CALL QVFILL (0, WROW, LROW)
C Now remove processed indices.
C Zero indices in partition:
CALL SCATTER (WROW, WROW2, INDICES, LEN)
C Mask indices not in partition:
CALL MAKMASK (INDICES, MASK, VLENP)
C Compress indices in partition:
CALL COMPRESS (INDICES, MASK, INDICES, VLENP)
C Compress cell addresses:
CALL COMPRESS (GADR, MASK, GADR, VLENP)
GO TO 20
C End of loop:
25 CONTINUE
C INDEX now contains indices of
C the input data in the new
C partition order. Rearrange
C the addresses and data:
CALL GATHER (CENCEL, INDEX, GADR, N)
CALL QVMOV (GADR, N1, CENCEL, N1, N)
C Real part.
CALL GATHER (VREAL, INDEX, TVSRE, N)
CALL QVMOV (TVSRE, N1, VREAL, N1, N)
C Imaginary part.
CALL GATHER (VIMAG, INDEX, TVSIM, N)
CALL QVMOV (TVSIM, N1, VIMAG, N1, N)
.end lit
Note: this scheme will sort data by partition which should enhance
the performance of the entire gridding process on machines with
virtual and/or cache memory.
.hl3 Cell Hit Statistics
The amount of work the Scatter/Compress method requires depends on
the frequency of multiple hits on a single cell and, in particular,
on the maximum number of hits per cell in a given row (assuming
row-at-a-time gridding). The statistics shown in Table 2 below have
been derived for the same data sets and in a manner similar to that
used to obtain the distribution of "Natural" partition lengths
described above. The table gives the average number of hits per cell,
an approximate value of the maximum number of hits per row which is
exceeded 50% of the time and the maximum hits in any cell.
.tp 10
.literal
Table 2
Cell Hit Statistics
Case Avg. hit per cell Prob. row max. Max hit/cell
--------------- ----------------- -------------- ------------
6K vis sorted 5.7 9 30
121K vis sorted 15.6 20 350
.end literal
The values in Table 2 indicate that the typical number of partitions
per row is of the order of a few tens. This number will decrease for
map sizes larger than 512x512 because the cells in uv space become
smaller. If the number of visibilities being processed at a time (or
the number of visibilities on a typical row) is of the order of a few
thousand, then the typical partition length should be on the order of
a hundred. The typical partition length is proportional to the size
of the grid.
It should be noted that this scheme involves operations on a work
vector the length of the portion of the grid currently being
accumulated. This is relatively efficient for sorted data being
gridded onto a single row at a time because the length of the work
vector is fairly short and will have a higher density of data points.
In the other extreme, the full grid accumulation of unsorted data, the
work vector will be exceedingly long and sparsely populated, and this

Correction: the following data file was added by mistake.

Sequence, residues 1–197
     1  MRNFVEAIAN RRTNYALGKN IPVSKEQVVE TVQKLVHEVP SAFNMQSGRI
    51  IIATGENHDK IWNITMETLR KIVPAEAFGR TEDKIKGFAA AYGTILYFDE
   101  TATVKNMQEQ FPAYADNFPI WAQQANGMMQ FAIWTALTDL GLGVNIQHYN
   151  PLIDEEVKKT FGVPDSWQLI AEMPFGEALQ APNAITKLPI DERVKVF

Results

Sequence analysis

method of establishing partitions may become unattractive.
.tp20.hl1 Vector Operators
This section documents all of the vector operators which were used in
the previous sections. In the first group, we describe the functions
which have the same names, functionality, and (nearly) the same call
arguments as those in the AIPS Q-routine library. (NOTE: In any
actual implementation of the vectorized gridding algorithm, ALL
details should be checked against Chap.#11 of "Going AIPS".) The
operators are grouped into classes and a formula is given for the
last one in each class. Note that we present the operators as
accepting the vectors themselves as arguments (rather than their
addresses), and as using zero-based subscripting in order to simplify
the notation. Another simplification is that the vector operators are
regarded as being capable of handling either integer or floating
point data (for example, operator QVSADD is used to increment integer
index vectors in a number of places in Sections#3.2, 3.3, and 3.4).
.lit
Unary operators:
QVMOV (A, IA, B, IB, N) [vector copy operation]
QVFIX (A, IA, BI, IBI, N)
QVFLT (AI, IAI, B, IB, N)
B(m*IB) = (FLOAT (AI(m*IAI))) for m = 0 to N-1
.end lit
.tp8.lit
Vector-Vector operators:
QVADD (A, IA, B, IB, C, IC, N)
QVSUB (A, IA, B, IB, C, IC, N)
QVMUL (A, IA, B, IB, C, IC, N)
C(m*IC) = (A(m*IA) * B(m*IB)) for m = 0 to N-1
.end lit
.tp8.lit
Vector-Scalar operators:
QVSADD (A, IA, S, B, IB, N)
QVSMUL (A, IA, S, B, IB, N)
B(m*IB) = (A(m*IA) * S) for m = 0 to N-1
.end lit
.tp8.lit
"Linked-Triad" operators:
QVSMA (A, IA, B, C, IC, D, ID, N)
D(m*ID) = ((A(m*IA) * B) + C(m*IC)) for m = 0 to N-1
.end lit
.tp8.lit
Special unary operators:
QVFILL (A, B, IB, N)
B(m*IB) = (A) for m = 0 to N-1
QMINMG (A, IA, B, N)
B = (MIN (ABS (A(m*IA)), B)) for m = 0 to N-1